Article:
- ${E}_{pk}({B}^{*})$ ($P{K}_{B}$, Alice): Bob encodes ${G}_{B}$ as ${M}_{B}$, takes the elements below the diagonal and arranges them in rows to obtain a one-dimensional array $B=({b}_{1},{b}_{2},\dots ,{b}_{k})$, and then sends it to Alice as ${B}^{*}=({b}_{1}{}^{*},{b}_{2}{}^{*},\dots ,{b}_{2k}{}^{*})=({\overline{b}}_{1},{\overline{b}}_{2},\dots ,{\overline{b}}_{k},{b}_{1},{b}_{2},\dots ,{b}_{k})$ based on the XOR operation expansion.
- (3)
- ${D}_{s{k}_{A}}({C}_{B})$ ($s{k}_{A}$, Bob): Alice decodes ${C}_{B}$ to obtain ${C}_{b}$ and sends ${C}_{b}$ to Bob for verification.
- (4)
- ${D}_{s{k}_{B}}({C}_{A})$ ($s{k}_{B}$, Alice): Bob decodes ${C}_{A}$ to obtain ${C}_{a}$ and sends ${C}_{a}$ to Alice for verification.

#### 4.2. Correctness Analysis

- (1)
- In step (2), Alice and Bob use their public keys to encrypt ${A}^{*},{B}^{*}$ item by item to obtain ${E}_{p{k}_{A}}({A}^{*})$ and ${E}_{p{k}_{B}}({B}^{*})$, respectively, and then publish the ciphertext to the other party, which is secure because the other party does not have its own private key.
- (2)
- In step (5), Alice and Bob decrypt ${C}_{b}$, ${C}_{a}$ using their own ${\lambda}_{a}$ and ${\lambda}_{b}$, respectively, and send them to each other.
- (3)
- After each side receives the message from the other, Alice computes ${G}_{A}={C}_{a}/{r}_{a}$ and sends it to Bob, Bob computes ${G}_{B}={C}_{b}/{r}_{b}$ and sends it to Alice, and both parties obtain their respective ciphertexts, i.e., ${\prod}_{{}_{{a}_{i}*=1}}{E}_{p{k}_{B}}({b}_{i}*)$ and ${\prod}_{{b}_{i}*=1}{E}_{p{k}_{A}}({a}_{i}*)$.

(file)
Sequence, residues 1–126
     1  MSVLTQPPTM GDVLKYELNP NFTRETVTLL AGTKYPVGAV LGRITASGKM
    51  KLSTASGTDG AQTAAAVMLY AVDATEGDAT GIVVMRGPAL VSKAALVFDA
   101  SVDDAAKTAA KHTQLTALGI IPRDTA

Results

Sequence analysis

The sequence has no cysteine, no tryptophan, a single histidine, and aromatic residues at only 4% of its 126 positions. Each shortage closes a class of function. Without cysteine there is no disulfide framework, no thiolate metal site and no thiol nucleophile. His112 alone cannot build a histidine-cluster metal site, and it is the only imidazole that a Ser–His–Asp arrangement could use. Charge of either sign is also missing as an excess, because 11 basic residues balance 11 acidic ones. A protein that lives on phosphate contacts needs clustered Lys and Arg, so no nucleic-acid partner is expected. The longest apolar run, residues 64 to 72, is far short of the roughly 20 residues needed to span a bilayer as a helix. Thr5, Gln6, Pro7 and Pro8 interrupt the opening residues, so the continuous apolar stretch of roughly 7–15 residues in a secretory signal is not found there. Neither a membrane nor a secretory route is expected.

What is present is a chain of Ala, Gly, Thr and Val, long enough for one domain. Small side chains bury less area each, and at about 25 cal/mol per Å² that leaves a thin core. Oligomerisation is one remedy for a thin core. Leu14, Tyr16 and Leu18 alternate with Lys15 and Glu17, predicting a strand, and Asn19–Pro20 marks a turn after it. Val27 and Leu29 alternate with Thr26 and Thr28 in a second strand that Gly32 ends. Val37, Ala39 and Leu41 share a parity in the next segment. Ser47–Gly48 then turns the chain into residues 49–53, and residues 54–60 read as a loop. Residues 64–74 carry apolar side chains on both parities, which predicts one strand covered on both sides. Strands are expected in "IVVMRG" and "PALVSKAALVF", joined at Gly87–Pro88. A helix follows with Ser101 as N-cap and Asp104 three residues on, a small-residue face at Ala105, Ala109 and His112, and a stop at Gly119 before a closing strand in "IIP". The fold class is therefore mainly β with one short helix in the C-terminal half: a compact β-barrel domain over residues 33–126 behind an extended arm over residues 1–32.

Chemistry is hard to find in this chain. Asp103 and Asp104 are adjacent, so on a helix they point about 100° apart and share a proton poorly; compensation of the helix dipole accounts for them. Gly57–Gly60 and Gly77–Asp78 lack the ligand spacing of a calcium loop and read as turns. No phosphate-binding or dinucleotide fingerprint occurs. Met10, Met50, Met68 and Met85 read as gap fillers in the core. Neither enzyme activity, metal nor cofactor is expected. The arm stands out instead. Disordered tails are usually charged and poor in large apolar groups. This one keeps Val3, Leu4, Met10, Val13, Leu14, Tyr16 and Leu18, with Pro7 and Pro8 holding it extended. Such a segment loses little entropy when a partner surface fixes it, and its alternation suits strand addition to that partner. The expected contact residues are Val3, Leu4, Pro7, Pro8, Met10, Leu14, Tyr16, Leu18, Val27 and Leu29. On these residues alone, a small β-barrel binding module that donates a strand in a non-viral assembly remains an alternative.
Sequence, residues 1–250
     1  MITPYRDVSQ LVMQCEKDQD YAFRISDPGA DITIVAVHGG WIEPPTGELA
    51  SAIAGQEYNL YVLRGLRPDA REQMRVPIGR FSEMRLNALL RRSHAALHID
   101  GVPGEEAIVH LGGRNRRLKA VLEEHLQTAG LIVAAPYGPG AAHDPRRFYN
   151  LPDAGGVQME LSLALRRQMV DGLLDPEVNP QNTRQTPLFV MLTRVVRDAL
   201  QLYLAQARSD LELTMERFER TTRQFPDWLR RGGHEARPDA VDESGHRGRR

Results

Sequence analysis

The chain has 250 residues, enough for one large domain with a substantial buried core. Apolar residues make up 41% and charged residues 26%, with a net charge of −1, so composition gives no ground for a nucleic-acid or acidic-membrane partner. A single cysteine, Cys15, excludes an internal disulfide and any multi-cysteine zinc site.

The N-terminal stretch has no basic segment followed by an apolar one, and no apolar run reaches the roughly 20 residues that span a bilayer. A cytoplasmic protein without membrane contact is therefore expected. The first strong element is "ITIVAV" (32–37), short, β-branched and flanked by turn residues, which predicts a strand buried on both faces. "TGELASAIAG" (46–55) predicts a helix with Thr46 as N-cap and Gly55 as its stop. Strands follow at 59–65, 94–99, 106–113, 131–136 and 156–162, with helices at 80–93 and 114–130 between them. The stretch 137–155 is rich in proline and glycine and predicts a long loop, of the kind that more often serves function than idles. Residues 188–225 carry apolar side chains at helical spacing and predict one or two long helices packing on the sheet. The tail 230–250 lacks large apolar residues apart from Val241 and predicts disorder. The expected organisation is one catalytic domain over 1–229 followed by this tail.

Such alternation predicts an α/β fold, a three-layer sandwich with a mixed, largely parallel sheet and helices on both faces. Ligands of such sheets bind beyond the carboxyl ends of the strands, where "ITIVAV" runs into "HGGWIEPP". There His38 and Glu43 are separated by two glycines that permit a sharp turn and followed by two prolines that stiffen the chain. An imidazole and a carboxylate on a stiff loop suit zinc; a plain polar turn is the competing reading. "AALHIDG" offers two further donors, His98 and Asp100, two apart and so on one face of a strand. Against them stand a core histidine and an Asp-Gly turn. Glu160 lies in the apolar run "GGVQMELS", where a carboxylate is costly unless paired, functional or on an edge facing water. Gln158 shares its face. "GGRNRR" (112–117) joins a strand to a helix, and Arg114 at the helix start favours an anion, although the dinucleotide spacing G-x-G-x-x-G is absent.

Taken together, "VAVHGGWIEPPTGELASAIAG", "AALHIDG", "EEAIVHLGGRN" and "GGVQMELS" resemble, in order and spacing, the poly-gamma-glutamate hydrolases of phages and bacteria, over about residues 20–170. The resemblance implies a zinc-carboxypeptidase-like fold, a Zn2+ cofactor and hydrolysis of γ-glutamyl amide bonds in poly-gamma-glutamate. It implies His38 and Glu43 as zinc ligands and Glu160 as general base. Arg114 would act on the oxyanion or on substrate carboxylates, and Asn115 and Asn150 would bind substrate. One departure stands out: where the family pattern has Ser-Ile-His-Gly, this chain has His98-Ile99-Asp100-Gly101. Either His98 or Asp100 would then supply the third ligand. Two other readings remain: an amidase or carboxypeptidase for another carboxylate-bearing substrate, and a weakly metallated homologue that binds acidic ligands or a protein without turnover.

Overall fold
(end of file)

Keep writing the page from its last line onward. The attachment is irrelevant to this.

- (4)
- In step (7), Alice verifies the equation $Hash({C}_{b}/GE{D}_{B})\underset{\xaf}{\underset{\xaf}{?}}{H}_{B}$, and if it holds, outputs the editing distance $GE{D}_{B}({G}_{A},{G}_{B})={G}_{B}$. In step (8), Bob verifies that equation $Hash({C}_{a}/GE{D}_{A})\underset{\xaf}{\underset{\xaf}{?}}{H}_{A}$ holds, and if it does, outputs the editing distance $GE{D}_{A}({G}_{A},{G}_{B})={G}_{A}$. If $GE{D}_{A}({G}_{A},{G}_{B})=GE{D}_{B}({G}_{A},{G}_{B})$, the result is proven correct.
- (5)
- No secure information is revealed throughout the process, and both parties are able to arrive at their respective results, avoiding the unfairness associated with one party telling the other the result.

#### 4.3. Security Analysis

- (1)
- Alice fills her matrix expansion ${M}_{A}$ with a one-dimensional array ${A}^{*}$. Alice makes an incorrect input for the elements in ${A}^{*}$. This is a case of Alice changing her own inputs, which is not considered because it cannot be avoided in an ideal algorithm.
- (2)
- During the message passing in step (6), Bob leaks the result of ${C}_{B}$ to Alice, but since Alice only has the public key but not the private key, Alice cannot obtain any information about ${C}_{B}$.
- (3)
- In step (7), Alice has to prove that ${G}_{A}={C}_{a}/{r}_{a}$ is correct using the hash function, which cannot be spoofed in this step, then after announcing ${G}_{A}$, Bob can compute $GE{D}_{A}({G}_{A},{G}_{B})={G}_{A}$.
- (4)
- Thus, all steps of the algorithm are secure, and we further prove that the algorithm is secure using the real/ideal model paradigm.

#### 4.4. Security Proof

**Theorem**

**2.**

Algorithm 2 The MPC Algorithm of graphs editing distance under the malicious model |